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Security History: The Bath School Bombing

​​​​On 18 May 1927, the Bath, Michigan, school bombing took the lives of 44 people, making it the deadliest incident of school violence in American history. The bombing occurred on the last day of class for the school’s 314 students—many of whom were the children of farmers from around the small village of Bath. Thirty-eight students died in the attack. 

A school janitor and school board member named Andrew Kehoe set off 500 pounds of dynamite; another 500 pounds failed to ignite. As attempts were made to pull victims from the rubble, Kehoe drove up to the school and fired a rifle into his vehicle, which was laden with more dynamite and shrapnel, killing himself and several others.

Prior to the bombing and suicide, Kehoe had killed his wife and two horses and set fire to his farmhouse. He had previously abused animals, killed his neighbor’s dog, and argued with other members of the school board over the cost of taxes for the consolidated school.

The Bath Michigan School Massacre made national news, but it was drowned in the publicity of Charles Lindbergh’s transatlantic flight two days later.

The parallels between contemporary mass murders and the Bath School Bombing are readily apparent. They illustrate once more that “the only thing new is the history we haven’t learned.”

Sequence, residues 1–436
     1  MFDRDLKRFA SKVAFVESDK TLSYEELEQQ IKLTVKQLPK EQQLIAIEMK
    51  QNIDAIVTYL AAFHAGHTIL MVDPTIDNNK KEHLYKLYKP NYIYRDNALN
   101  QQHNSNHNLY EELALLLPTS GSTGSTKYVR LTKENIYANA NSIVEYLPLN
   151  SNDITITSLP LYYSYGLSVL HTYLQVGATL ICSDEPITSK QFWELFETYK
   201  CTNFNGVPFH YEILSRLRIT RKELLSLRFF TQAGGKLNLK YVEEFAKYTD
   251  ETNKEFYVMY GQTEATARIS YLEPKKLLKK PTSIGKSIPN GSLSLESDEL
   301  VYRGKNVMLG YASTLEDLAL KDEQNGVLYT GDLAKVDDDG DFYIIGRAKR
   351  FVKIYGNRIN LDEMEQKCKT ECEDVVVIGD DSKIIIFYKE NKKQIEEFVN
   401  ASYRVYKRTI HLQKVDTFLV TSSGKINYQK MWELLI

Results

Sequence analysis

On the anniversary of the Bath School bombing (18 May 2018), ASIS Chapter 79 (Central Pennsylvania) held a school security seminar at the Milton Hershey School in Hershey, Pennsylvania. Speakers included first responders, mass violence consultants, behavioral analysts, and security technology experts. The seminar attracted local news coverage and active participation.

The Central Pennsylvania seminar illustrates how chapters can use historical anniversary dates to more effectively publicize seminars and meetings. Holding meetings and other chapter events on anniversary dates opens up publicity channels with history groups and educational institutions. This strategy creates extensive opportunities and is deserving of discussion.

Chris Hertig, CPP, CPOI (Certified Protection Officer Instructor), has had a lifelong interest in American history. He is a member of the York, Pennsylvania, History Writers Roundtable and the ASIS International Professional Development Council.​